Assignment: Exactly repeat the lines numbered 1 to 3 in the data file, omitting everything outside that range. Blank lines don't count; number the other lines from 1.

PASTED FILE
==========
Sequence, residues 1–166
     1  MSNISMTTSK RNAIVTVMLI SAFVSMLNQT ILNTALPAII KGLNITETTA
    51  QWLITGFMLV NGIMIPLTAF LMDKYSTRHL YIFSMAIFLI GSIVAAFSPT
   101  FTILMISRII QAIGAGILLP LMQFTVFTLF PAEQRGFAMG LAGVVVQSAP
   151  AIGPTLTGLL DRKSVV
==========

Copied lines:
Sequence, residues 1–166
     1  MSNISMTTSK RNAIVTVMLI SAFVSMLNQT ILNTALPAII KGLNITETTA
    51  QWLITGFMLV NGIMIPLTAF LMDKYSTRHL YIFSMAIFLI GSIVAAFSPT